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CD Spotlight
'... an ever expanding search for completeness ...'


samples Leslie Howard's
award-winning journey through Liszt

It was not all that long ago that anyone looking for recordings of concertos by Franz Liszt would have felt perfectly content to consider the usual E flat and A Major opuses, plus, possibly, the Hungarian Fantasy, the Totentanz, and, by extension, a few more esoteric items such as the Fantasy on Beethoven's Ruins of Athens, or the Malediction for piano and strings.

Now, in an ever expanding search for record-library completeness, we have a five-CD-in-two package, all part of Leslie Howard's integral keyboard Liszt for Hyperion; which will conclude this year with an astonishing total of 95 releases. Vols 53a and 53b contain, in addition to all the above works, the intriguing Grande Fantaisie symphonique on themes from Berlioz's Lelio, a posthumously published Piano Concerto in E flat (often labled No 3), De Profundis pour orchestre et piano principal, first recordings of the piano-and-orchestra versions of the Concerto pathetique and Grand solo de concert, the Hexameron Variations on a March from Bellini's I puritani (with contributions from Thalberg, Pixis, Herz, Czerny, Chopin, and, of course Liszt himself, who also provided his own orchestrations of some of the material.) Also included are Liszt's arrangements of Weber's Konzertstuck and Polonaise brillante, as well as the much more familiar orchestration of Schubert's Wanderer Fantasy. As an added bonus, an 18-minute-long fifth compact disc contains a Concerto in the Hungarian Style written by Sophie Menter (1846-1918), a late Liszt pupil whose playing he much admired. Only slightly Lisztian in style and playful at best, this far from significant curiosity may have involved some editorial collaboration on Liszt's part in 1885, and, interestingly, the orchestration was done by Tchaikovsky. As if this were not enough, Leslie Howard also offers a second performance of the Totentanz , this earlier and in part quite different version including an interpolated 'De Profundis' section. Altogether quite a compilation, then!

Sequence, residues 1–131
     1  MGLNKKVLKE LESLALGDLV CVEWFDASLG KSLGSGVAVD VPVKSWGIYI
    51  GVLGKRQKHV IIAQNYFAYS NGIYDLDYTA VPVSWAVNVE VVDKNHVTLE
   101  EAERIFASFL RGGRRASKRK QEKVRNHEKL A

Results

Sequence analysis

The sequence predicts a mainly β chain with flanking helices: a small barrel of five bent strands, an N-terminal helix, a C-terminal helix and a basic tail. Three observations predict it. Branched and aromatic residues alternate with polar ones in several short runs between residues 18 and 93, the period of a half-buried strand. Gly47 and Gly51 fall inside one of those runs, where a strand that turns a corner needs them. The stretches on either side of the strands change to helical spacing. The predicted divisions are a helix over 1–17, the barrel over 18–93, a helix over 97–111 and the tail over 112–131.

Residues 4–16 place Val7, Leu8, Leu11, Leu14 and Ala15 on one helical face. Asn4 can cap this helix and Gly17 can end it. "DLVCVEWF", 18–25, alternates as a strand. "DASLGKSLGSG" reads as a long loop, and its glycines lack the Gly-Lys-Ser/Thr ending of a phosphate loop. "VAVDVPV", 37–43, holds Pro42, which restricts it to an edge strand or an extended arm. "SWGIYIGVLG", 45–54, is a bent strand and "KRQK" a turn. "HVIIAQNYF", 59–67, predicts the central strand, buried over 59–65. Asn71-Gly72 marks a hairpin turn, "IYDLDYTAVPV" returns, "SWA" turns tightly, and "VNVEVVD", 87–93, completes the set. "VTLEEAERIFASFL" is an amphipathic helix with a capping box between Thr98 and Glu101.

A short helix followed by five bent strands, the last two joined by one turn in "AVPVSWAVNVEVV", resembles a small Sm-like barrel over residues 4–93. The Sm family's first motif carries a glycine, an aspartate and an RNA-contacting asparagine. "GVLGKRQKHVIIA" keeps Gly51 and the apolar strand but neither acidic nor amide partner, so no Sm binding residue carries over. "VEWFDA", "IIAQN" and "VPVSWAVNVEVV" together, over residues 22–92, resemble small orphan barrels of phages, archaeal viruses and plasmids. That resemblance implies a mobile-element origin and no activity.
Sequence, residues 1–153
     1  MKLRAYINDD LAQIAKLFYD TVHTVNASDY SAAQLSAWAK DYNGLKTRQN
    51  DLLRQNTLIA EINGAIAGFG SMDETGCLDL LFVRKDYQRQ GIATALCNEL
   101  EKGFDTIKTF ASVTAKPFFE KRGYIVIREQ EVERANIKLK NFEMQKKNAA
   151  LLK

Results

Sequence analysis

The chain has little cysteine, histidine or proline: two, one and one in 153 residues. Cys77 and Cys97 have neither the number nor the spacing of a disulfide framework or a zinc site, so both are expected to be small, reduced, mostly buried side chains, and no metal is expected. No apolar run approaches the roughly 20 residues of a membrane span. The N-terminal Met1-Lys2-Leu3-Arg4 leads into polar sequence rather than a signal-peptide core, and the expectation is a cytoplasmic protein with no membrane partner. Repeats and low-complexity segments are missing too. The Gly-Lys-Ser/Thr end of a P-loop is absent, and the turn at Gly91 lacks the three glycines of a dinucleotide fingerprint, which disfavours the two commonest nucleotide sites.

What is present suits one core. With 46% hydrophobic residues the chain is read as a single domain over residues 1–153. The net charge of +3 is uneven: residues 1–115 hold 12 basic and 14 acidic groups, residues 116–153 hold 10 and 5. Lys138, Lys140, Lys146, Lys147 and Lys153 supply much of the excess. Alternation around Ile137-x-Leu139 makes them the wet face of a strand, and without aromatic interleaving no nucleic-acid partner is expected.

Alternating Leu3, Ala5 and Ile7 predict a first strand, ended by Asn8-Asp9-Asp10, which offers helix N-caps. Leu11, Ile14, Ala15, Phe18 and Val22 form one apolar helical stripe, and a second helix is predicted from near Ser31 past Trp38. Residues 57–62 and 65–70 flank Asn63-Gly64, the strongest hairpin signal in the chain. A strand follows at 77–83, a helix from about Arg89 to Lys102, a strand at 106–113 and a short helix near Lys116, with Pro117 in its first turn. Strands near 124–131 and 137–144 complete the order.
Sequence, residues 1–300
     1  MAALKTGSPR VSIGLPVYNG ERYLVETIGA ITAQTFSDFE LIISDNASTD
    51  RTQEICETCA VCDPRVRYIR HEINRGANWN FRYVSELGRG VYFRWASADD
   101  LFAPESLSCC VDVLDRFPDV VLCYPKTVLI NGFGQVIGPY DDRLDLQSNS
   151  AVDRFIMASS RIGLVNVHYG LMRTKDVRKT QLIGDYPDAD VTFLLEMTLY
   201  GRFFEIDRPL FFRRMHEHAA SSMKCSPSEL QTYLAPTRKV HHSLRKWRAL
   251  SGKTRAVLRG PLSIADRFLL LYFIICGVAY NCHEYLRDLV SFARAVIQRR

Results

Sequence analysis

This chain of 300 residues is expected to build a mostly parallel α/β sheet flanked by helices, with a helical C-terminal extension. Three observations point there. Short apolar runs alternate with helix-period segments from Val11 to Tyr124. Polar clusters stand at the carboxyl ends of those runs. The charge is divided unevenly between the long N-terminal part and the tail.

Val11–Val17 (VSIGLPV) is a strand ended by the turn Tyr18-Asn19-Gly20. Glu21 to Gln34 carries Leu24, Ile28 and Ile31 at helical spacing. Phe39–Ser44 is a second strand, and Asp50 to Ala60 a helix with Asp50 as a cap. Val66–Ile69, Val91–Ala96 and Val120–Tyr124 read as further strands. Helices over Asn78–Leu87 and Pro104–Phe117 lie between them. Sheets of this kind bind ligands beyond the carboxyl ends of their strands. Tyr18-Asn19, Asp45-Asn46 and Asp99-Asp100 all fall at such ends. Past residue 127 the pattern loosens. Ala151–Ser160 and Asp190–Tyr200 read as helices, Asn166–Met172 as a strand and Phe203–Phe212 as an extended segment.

Many of these scores have been updated and corrected from a variety of manuscript sources, and the recordings themselves are richly supplemented by Leslie Howard's own punctilious annotations, in which his analyses contain helpful track number references. There seems, however, to be mystification on his part as to Liszt's plainsong source for the thirty-six-minute-long De Profundis, the composer in fact having actually based this somewhat meandering and sequentially repetitious work on a parody of Psalm tone IV6 (with its repeated notes) used for chanting Psalm 130 (Vulgate 129).

Most, though not quite all, of the more unusual content has been recorded previously - by such pianists as Jerome Lowenthal, Jeno Jando, Joshua Pierce, Philip Thomson, and Steven Mayer, although perhaps not in such exhaustively corrected versions as here. What is so impressive about Howard's performances, however, is his concentration on purely musical values rather than superficially virtuosic ones. This, however, is not at all to say that excitement cannot be encountered, as for instance in the grandiose conclusion to the Second Concerto. Overall, however, one savours these Liszt scores more for their substance; one is allowed to reflect on the composer's poetic impulses, on lyrical passages as well as on less often revealed harmonic rediscoveries. On the debit side, Howard's excellent playing, for all its technical command, can sometimes sound more literal than impetuous, without the rhetorical panache and flamboyant bravura of such grand-standing, dare-devil Lisztians as Martha Argerich, Sviatoslav Richter, and Earl Wild (or, if I may add one of my favorites, Solomon in his sonorous [quicker] 1948 Hungarian Fantasy recording).

The orchestral contribution under Karl Anton Rickenbacher, often full of gusto and with maximum colour elicited (the hunting-horn section of Totentanz, for example), is almost always commendable for its vitality, though there are some intonational problems in the Grand solo de concert. The reproduction, extremely full bodied and well balanced, is absolutely first rate.

Copyright © Igor Kipnis, September 10th 1999


Visit the Igor Kipnis web site for biography and illustrated discography


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Did you know...

  • Hyperion's Liszt Series fills 95 CDs with 1377 separate tracks
  • The total playing time is over 117 hours - that's nearly five days of continuous playing
  • The longest single piece is De Profundis (over 36 minutes); the shortest the Lyon Prelude (only five seconds)
  • Leslie Howard has played over sixteen thousand pages of score, estimated at over twelve miles of printed music, with a total number of notes in the region of something between nine and ten million
  • That to buy the complete edition will cost you around 1,400 pounds sterling or 1,700 US dollars

Visit the Hyperion web site


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